British scientists in a breakthrough study, have found a natural replacement for chemotherapy in lung cancer patients, as they have demonstrated how tiny particles derived from tea leaves can restrain the growth of lung cancer cells, destroying up to 80 percent of them.
The researchers from Swansea University’s College of Engineering in the United Kingdom, found that these tiny particles, called “quantum dots,” are 400 times thinner than a human hair, and producing them from tea leaves is safe and non-toxic.
Previous studies have established that tea leaves contain a wide variety of compounds, including polyphenols, amino acids, vitamins and antioxidants.
Sudhagar Pitchaimuthu, lead researcher of the new study explained how their study confirmed previous evidence that tea leaf extract can be a non-poisonous alternative to making quantum dots using chemicals.
Pitchaimuthu explained that the only surprise, was that the dots actively inhibited the growth of the lung cancer cells.
Quantum dots can be made chemically, but this is complicated and expensive and has toxic side effects. The team, including researchers from KS Rangasamy College of Technology and Bharathiar University in Tamil Nadu, explored a non-toxic plant-based alternative method of producing the dots, using tea leaf extract.
To comprehend this analogy, the researchers mixed tea leaf extract with cadmium sulphate (CdSO4) and sodium sulphide (Na2S) and allowed the solution to incubate, a process which causes quantum dots to form.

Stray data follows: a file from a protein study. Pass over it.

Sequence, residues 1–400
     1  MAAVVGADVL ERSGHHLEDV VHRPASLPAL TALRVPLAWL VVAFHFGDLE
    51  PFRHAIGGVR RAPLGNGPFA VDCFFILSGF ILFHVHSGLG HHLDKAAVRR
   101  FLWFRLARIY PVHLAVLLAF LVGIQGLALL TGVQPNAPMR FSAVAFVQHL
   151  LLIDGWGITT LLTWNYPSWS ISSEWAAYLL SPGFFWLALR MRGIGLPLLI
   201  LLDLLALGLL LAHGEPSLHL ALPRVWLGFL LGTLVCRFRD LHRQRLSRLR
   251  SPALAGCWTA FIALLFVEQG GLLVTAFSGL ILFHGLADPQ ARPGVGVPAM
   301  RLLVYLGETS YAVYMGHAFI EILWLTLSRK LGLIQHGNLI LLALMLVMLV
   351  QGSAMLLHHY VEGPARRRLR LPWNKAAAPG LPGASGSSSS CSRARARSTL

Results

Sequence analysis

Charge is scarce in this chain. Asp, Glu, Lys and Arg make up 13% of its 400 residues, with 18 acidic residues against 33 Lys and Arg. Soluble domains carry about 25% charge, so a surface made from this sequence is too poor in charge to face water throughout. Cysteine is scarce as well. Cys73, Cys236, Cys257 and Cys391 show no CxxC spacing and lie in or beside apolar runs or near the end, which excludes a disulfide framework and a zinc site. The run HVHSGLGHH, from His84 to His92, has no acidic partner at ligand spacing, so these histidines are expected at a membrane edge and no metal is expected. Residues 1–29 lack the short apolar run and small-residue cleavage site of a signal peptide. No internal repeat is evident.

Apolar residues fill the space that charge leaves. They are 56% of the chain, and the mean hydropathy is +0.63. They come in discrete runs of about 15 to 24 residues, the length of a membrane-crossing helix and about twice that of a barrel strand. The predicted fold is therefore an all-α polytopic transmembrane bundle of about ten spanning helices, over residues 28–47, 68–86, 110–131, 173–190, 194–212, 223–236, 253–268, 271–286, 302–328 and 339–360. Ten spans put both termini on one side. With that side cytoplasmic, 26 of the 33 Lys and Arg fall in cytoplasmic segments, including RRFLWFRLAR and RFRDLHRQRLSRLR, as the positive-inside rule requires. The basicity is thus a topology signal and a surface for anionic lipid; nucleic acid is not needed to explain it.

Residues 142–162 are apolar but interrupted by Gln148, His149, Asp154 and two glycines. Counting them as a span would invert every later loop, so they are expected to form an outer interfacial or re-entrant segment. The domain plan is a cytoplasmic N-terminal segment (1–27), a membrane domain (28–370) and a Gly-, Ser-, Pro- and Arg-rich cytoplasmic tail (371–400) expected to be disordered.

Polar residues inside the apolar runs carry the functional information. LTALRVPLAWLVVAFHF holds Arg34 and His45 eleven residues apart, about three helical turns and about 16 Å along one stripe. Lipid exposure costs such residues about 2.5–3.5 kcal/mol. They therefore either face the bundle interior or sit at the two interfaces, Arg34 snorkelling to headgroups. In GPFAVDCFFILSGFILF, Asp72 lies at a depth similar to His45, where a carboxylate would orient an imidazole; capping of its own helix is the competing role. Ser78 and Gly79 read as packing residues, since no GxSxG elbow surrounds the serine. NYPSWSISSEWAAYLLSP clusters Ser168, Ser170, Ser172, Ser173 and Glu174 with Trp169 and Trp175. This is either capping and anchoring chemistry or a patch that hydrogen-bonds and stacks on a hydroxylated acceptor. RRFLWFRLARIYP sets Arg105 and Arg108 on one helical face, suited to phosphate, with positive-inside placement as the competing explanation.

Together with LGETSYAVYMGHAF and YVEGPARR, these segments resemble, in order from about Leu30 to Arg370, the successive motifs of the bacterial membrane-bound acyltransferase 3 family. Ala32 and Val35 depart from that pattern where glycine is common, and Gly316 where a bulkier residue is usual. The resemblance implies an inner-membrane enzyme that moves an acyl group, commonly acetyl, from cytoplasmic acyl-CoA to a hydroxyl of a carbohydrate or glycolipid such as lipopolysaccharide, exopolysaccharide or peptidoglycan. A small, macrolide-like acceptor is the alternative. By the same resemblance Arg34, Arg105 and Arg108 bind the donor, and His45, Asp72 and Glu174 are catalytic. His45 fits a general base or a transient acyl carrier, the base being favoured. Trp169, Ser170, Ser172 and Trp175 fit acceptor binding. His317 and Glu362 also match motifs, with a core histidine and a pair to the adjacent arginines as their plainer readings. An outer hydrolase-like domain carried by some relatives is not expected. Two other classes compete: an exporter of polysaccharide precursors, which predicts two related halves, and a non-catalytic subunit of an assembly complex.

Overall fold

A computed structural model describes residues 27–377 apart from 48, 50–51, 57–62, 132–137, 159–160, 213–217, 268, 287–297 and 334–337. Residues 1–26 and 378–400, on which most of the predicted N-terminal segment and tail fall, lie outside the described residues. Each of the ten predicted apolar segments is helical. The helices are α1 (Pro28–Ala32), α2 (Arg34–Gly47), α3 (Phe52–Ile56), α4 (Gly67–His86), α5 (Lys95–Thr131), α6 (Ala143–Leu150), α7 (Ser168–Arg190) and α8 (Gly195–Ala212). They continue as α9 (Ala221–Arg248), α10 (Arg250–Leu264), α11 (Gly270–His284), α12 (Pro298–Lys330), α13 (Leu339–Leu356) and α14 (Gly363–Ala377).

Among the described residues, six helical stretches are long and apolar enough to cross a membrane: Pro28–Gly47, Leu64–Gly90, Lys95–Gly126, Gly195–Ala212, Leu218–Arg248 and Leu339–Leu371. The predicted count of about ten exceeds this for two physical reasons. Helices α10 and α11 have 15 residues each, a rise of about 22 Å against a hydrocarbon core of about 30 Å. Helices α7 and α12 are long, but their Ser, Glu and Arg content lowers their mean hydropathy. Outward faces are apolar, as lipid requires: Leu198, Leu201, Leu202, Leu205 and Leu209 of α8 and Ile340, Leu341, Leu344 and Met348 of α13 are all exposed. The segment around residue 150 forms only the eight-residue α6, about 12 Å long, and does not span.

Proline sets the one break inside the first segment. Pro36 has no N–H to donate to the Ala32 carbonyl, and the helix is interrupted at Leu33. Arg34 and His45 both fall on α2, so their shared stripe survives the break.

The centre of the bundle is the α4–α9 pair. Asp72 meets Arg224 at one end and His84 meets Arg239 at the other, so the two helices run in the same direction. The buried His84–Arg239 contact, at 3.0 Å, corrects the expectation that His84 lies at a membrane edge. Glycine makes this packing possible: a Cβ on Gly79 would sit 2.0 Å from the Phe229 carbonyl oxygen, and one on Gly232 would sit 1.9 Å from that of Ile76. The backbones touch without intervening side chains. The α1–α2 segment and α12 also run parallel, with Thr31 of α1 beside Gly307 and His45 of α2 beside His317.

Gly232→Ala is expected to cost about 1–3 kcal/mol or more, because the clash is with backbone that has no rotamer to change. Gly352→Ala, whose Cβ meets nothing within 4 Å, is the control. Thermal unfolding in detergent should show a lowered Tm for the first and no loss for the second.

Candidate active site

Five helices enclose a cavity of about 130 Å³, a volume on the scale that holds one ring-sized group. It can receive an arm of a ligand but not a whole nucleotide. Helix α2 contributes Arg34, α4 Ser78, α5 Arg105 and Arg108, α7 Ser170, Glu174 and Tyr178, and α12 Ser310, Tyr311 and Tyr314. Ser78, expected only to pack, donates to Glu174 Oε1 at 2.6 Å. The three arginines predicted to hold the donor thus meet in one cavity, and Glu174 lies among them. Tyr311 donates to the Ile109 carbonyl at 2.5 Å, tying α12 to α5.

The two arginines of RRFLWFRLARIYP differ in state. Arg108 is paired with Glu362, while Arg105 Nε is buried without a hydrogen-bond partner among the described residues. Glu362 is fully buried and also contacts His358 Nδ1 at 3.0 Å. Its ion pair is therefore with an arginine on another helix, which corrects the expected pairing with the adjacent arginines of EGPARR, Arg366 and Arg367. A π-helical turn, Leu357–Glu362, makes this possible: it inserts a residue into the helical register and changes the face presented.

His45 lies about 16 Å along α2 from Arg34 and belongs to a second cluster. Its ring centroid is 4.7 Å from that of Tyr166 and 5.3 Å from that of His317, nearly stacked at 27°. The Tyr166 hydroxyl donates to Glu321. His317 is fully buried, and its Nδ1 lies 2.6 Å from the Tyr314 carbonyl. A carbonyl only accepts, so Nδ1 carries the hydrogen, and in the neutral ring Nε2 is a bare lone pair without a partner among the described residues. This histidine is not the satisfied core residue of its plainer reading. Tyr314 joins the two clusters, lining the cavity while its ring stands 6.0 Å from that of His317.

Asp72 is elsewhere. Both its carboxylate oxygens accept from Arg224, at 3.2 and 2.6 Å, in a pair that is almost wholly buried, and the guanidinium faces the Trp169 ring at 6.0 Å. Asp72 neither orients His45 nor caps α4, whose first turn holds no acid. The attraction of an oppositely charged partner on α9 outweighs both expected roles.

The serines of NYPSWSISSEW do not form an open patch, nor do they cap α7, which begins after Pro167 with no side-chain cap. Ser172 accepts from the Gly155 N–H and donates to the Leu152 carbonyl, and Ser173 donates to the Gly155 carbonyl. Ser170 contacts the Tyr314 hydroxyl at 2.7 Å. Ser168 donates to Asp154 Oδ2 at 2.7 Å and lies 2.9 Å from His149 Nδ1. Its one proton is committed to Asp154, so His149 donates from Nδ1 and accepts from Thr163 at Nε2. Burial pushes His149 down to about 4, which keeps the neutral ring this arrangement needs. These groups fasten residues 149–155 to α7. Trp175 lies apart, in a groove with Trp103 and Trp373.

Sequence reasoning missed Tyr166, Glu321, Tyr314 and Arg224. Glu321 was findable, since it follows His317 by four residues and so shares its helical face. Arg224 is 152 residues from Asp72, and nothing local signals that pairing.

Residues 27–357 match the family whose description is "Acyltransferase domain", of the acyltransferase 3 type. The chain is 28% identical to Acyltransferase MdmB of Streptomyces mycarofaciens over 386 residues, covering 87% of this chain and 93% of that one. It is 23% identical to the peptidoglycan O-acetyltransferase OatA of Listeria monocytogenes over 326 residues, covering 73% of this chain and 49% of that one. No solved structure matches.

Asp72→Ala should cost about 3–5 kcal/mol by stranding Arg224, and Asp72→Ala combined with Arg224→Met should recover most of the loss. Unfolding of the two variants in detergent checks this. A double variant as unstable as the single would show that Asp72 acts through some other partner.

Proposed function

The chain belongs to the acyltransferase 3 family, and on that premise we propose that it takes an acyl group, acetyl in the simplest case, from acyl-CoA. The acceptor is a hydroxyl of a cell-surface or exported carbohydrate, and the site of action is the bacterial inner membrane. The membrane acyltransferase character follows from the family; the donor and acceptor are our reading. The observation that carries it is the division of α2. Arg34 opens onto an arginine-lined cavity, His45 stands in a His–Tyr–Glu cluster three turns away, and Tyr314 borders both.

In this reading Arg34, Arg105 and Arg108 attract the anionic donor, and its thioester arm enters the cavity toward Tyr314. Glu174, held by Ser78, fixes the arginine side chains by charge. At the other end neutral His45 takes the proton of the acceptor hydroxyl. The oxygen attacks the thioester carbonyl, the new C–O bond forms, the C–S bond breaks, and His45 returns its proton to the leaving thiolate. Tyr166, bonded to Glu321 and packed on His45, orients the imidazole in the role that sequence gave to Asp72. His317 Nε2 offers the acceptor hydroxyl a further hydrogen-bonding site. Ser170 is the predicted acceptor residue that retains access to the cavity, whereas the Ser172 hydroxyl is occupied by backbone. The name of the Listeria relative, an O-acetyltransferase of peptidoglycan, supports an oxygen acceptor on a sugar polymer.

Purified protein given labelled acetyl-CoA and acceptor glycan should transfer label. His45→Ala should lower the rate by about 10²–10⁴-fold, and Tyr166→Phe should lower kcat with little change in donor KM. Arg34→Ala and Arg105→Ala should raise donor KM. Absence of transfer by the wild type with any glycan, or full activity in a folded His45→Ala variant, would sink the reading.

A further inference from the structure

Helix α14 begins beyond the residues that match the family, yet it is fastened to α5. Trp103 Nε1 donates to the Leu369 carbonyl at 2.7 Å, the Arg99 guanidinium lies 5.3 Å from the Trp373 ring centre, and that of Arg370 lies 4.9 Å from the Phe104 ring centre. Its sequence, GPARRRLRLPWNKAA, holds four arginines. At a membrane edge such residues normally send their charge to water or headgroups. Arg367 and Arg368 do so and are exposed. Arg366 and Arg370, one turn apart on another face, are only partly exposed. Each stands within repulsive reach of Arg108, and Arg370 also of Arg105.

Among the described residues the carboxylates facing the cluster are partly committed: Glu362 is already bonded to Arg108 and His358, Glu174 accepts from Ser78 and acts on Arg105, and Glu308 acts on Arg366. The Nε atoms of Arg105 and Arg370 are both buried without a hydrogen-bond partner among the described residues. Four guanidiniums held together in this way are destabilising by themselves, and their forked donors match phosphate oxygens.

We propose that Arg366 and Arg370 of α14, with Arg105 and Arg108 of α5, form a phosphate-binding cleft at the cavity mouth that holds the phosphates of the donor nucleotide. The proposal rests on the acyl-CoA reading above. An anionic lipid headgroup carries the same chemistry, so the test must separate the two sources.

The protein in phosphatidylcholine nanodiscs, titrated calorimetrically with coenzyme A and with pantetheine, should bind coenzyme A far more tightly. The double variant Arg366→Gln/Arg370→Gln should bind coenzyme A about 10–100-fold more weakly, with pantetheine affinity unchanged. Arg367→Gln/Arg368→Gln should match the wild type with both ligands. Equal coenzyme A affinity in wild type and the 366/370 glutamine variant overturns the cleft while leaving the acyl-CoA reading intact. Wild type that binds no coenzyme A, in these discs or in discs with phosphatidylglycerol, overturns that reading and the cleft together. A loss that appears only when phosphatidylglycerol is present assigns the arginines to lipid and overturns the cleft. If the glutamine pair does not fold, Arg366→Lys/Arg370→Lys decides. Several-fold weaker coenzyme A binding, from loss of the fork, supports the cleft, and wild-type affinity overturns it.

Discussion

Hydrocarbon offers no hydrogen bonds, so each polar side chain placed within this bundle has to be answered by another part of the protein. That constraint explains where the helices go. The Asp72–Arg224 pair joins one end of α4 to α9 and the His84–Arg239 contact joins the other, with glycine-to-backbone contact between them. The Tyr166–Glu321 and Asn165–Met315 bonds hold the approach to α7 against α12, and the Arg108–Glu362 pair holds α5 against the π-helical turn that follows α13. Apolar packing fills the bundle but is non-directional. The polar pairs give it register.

They then applied the dots to lung cancer cells. They found that tea leaves are a simpler, cheaper and less toxic method of producing quantum dots, compared with using chemicals, confirming the results of other research in the field.
The study found that quantum dots produced from tea leaves inhibit the growth of lung cancer cells.
The researchers penetrated into the nanopores of the cancer cells and destroyed up to 90 percent of them. The CdS quantum dots derived from tea leaf extract showed exceptional fluorescence emission in cancer cell bioimaging compared to conventional CdS nanoparticles.
According to the research published in Sciencedaily, the researchers explained that quantum dots are therefore a very promising avenue to explore for developing new cancer treatments.
They also have other possible applications, for example in anti-microbial paint used in operating theatres, or in sun creams.